The atheists over at the Freedom From Religion Foundation aren’t ashamed to let their anti-faith message be heard loud and clear.
The Blaze has spoken with the group and heard, first-hand, just how strong-worded and offensive (to people of faith, at least) its message can be. Last night, the Fox Business Network’s Eric Bolling invited a FFRF representative onto his show to discuss the group’s anti-Christian stance.  During a dialogue with FFRF spokesperson Dan Barker (who is married to FFRF co-president Annie Laurie Gaylor), “Follow the Money” host Eric Bolling was so dumbfounded by the group’s anti-Jesus views that he ended up booting the atheist-spokesperson off of the program. Mediaite’s Colby Hall called the moment a “‘War on Christmas’ miracle!”
    At the center of the discussion was a Texas nativity scene that the Madison, Wisconsin-based FFRF has been demanding be torn down immediately. During the dialogue, Barker claimed that America is not a Christian nation and that the nativity should not be present on government property. He went on to say that the nativity represents “an insult to human nature that we are all doomed and damned.”  It was this comment that commenced the uncomfortable exchange between Bolling and Barker. “Sir, I have to take exception to the way you’ve described the nativity scene. It’s not an insult. It’s certainly not an insult to me. I’m a Christian,” Bolling explained. “It is an [....]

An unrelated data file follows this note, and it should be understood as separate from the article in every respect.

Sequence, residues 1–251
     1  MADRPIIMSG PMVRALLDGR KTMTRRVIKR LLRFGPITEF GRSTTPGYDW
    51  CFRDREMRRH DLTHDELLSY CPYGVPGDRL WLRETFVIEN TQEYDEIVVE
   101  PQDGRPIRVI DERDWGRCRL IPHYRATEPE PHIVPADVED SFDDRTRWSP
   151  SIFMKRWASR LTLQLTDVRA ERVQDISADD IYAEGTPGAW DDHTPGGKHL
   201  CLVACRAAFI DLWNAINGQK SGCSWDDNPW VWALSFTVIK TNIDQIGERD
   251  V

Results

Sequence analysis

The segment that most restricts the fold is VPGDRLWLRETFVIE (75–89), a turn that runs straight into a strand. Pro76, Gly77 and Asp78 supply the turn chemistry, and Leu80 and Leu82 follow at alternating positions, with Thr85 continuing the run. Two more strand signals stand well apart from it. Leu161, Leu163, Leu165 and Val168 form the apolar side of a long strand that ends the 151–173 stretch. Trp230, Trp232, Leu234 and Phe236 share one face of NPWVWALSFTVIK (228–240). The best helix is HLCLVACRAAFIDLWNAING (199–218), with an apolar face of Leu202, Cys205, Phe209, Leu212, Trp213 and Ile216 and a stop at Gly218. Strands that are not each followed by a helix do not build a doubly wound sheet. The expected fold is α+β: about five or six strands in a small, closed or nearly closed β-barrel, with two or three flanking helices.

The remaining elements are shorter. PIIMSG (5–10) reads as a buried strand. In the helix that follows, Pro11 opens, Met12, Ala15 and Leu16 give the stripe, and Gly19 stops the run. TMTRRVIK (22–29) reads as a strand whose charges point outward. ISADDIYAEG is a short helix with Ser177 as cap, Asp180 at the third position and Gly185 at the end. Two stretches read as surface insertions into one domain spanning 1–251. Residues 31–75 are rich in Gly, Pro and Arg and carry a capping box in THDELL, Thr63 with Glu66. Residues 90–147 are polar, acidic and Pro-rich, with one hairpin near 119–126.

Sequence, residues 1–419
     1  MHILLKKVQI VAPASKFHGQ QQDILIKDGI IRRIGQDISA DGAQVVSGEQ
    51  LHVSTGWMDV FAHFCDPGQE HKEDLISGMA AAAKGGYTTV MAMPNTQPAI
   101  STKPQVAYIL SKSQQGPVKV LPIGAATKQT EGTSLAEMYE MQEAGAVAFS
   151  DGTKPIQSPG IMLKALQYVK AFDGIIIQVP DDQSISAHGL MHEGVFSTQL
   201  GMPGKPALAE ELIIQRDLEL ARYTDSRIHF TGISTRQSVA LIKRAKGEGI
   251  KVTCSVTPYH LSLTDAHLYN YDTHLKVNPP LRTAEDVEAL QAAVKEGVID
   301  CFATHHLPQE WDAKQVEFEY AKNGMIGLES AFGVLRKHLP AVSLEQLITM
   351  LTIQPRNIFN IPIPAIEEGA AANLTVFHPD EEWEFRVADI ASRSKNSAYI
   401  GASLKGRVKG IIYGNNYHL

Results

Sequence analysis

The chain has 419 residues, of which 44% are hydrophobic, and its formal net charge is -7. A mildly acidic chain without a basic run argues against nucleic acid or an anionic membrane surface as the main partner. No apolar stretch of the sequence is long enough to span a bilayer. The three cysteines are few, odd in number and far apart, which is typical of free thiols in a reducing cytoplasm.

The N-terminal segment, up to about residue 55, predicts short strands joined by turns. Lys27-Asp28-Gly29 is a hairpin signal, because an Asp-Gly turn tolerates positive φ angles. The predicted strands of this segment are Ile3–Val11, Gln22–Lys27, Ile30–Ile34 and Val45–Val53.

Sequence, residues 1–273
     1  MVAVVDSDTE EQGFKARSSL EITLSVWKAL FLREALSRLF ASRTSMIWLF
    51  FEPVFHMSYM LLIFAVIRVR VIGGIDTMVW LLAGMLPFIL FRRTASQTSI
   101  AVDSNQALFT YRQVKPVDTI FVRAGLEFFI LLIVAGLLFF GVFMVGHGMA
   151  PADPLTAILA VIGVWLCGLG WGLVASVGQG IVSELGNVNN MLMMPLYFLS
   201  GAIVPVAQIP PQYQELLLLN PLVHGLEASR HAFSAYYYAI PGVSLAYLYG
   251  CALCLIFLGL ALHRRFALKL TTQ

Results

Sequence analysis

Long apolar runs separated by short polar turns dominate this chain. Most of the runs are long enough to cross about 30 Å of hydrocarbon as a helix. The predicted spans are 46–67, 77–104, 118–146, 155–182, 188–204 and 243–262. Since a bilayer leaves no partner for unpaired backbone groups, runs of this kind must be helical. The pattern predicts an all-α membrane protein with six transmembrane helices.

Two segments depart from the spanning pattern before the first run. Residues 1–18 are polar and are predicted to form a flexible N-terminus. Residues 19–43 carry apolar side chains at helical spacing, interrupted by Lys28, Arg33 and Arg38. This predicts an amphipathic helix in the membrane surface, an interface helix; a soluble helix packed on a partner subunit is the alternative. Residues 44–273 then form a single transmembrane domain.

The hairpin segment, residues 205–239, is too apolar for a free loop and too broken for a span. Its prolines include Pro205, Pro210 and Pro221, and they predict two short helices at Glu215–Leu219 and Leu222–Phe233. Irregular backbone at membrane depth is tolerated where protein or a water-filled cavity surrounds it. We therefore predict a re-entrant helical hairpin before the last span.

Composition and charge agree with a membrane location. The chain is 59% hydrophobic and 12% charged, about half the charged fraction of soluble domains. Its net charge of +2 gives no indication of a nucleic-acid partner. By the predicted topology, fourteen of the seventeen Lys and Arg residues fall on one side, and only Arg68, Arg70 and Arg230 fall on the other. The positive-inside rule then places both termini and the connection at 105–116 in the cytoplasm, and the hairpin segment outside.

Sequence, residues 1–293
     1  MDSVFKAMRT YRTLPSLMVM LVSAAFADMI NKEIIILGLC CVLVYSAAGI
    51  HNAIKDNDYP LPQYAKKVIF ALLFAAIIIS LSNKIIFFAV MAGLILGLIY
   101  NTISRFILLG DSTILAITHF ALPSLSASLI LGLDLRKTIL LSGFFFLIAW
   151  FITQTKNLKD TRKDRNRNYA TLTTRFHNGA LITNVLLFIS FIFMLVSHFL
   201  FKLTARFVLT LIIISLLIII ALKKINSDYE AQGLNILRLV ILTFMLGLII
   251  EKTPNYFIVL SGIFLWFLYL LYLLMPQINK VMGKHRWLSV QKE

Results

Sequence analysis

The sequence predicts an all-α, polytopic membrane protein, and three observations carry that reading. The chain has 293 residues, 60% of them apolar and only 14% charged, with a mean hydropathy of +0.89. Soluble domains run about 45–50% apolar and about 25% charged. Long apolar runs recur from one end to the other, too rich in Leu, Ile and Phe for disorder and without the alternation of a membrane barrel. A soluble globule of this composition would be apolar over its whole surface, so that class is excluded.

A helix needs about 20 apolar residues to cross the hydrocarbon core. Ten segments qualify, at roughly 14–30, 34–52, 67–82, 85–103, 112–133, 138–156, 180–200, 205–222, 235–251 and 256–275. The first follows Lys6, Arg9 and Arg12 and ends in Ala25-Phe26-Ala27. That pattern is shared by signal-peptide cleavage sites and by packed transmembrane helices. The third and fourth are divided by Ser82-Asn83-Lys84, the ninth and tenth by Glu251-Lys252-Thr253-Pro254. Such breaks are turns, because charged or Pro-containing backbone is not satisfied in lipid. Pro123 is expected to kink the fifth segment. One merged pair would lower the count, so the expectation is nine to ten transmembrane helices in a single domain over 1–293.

All-American Made House
by Diane Sawyer-Video Report,
(plus associated material:  List of American Made building products)